Will Wilkinson is all wrong

He seems to think that legislators actually legislate. How quaint! Someone needs to tell him that it’s not 1920 anymore.

My modest proposal would involve tying funding of federal agencies to quantifiable metrics of their success. For example, funding to financial agencies should not go up following a financial crisis, as is currently the practice. It would also involve making it possible to fire agency staff if the metrics were not achieved.

It’s probably better to create an aristocracy of assholes, as he suggests.

One Response to Will Wilkinson is all wrong

  1. Handle says:

    No one gets more than $40K in cash salary, with the rest coming from a (non-collaterizable, long-term-vesting) performance-correlated financial instrument.

    Take the FDIC, for example. The FDIC has to navigate between the Scylla of high insurance fees and tight-regulation, and the Charybdis of industry health and profitability. A tricky balance between security and efficiency. So, you could pay them up to $100,000 in an IRA-style locked-out retirement account, half in a mutual fund of bank stocks and half in a 0.5% dividend from the DIF.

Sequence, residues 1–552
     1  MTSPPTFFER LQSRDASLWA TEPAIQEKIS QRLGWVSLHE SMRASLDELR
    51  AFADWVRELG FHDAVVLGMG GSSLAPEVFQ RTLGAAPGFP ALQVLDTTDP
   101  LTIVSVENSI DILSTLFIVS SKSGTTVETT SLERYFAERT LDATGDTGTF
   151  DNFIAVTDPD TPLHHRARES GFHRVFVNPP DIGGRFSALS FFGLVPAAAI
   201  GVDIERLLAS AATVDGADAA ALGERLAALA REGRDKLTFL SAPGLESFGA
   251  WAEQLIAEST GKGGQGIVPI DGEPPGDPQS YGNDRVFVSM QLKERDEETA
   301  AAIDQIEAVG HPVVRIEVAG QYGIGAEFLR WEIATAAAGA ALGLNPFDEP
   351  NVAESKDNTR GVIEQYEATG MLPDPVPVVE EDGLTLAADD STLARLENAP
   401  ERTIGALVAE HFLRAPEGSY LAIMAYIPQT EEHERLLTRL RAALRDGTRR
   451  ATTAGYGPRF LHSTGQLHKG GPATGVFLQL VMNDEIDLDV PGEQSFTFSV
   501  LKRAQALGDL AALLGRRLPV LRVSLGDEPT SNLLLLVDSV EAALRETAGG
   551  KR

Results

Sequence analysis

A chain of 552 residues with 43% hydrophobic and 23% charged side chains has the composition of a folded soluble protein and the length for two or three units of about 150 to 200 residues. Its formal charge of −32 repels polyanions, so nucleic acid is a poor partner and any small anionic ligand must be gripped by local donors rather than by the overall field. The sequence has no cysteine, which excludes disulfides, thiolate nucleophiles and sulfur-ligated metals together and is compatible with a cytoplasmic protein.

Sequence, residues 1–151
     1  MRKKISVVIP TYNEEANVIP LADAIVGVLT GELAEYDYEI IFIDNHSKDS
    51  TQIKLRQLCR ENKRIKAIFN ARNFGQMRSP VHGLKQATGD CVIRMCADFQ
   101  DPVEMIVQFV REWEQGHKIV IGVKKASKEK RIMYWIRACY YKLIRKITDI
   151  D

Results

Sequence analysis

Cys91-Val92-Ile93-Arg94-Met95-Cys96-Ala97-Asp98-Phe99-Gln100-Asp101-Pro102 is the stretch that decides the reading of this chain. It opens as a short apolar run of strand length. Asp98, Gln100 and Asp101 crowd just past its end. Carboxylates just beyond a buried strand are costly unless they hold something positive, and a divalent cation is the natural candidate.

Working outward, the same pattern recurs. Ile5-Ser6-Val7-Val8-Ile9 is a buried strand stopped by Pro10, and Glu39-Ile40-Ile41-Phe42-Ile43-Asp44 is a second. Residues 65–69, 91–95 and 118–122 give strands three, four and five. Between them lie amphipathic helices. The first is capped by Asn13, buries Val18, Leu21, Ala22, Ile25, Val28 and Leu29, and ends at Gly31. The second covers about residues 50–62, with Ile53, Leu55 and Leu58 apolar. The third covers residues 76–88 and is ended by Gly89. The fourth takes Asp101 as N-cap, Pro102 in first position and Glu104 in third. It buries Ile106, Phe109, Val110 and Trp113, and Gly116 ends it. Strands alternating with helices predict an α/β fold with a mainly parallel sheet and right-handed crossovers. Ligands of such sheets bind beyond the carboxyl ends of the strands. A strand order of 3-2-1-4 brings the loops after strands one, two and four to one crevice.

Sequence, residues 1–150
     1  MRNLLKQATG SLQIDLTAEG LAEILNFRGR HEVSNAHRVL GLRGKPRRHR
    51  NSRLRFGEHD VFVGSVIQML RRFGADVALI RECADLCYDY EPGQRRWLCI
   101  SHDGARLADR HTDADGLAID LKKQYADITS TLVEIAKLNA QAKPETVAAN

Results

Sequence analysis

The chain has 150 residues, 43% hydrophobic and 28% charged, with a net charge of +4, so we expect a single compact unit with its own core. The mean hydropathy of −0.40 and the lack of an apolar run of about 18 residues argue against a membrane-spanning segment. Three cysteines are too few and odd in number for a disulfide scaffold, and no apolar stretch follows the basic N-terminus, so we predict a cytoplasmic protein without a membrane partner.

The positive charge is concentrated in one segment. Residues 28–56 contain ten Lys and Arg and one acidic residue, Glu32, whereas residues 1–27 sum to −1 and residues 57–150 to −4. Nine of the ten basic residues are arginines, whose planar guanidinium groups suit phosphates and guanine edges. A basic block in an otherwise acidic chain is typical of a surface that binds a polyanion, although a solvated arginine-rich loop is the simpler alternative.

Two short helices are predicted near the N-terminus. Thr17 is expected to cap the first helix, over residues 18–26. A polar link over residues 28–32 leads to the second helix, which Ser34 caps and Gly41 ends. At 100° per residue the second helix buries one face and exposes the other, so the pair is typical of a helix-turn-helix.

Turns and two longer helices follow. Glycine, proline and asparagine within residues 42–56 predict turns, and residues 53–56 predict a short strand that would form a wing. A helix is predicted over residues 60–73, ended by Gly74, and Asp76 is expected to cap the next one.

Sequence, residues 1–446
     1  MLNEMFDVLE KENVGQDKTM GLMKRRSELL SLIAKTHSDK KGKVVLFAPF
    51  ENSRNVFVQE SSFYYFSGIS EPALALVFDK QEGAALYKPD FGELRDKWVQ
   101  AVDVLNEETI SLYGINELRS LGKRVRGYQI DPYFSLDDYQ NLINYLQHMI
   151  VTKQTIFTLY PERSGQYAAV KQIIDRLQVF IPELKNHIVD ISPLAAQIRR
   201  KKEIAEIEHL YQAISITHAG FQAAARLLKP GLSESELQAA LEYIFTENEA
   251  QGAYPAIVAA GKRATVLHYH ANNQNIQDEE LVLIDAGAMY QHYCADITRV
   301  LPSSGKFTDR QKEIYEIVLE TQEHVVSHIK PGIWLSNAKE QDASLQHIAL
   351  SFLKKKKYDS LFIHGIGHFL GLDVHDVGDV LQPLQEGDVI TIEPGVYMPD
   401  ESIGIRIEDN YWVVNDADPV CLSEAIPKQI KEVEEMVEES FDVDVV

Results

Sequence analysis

The worst thing that could happen to your savings then is for many banks to fail simultaneously, wiping out the stock value and shrinking the DIF (currently it’s about $100 Billion below the Frank-Dodd level). On the other hand – you don’t want them to get too risk-averse or ideological or self-righteous, and that over-reaching would be reflected in diminished stock returns, so it will be suppressed.

    And not only would that help to prevent crises, but it would also prevent certain popular, politically-correct delusions to whom and under what conditions credit should be extended and guaranteed by the government. I wonder who does and does not get home loans once the bureaucrats stand to gain or lose as a result?

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